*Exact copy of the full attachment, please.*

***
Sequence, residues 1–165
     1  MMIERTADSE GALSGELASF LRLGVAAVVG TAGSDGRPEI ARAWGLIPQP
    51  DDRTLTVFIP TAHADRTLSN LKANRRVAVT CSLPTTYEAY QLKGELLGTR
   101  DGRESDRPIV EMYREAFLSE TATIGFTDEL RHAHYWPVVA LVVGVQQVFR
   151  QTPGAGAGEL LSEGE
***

Sequence, residues 1–165
     1  MMIERTADSE GALSGELASF LRLGVAAVVG TAGSDGRPEI ARAWGLIPQP
    51  DDRTLTVFIP TAHADRTLSN LKANRRVAVT CSLPTTYEAY QLKGELLGTR
   101  DGRESDRPIV EMYREAFLSE TATIGFTDEL RHAHYWPVVA LVVGVQQVFR
   151  QTPGAGAGEL LSEGE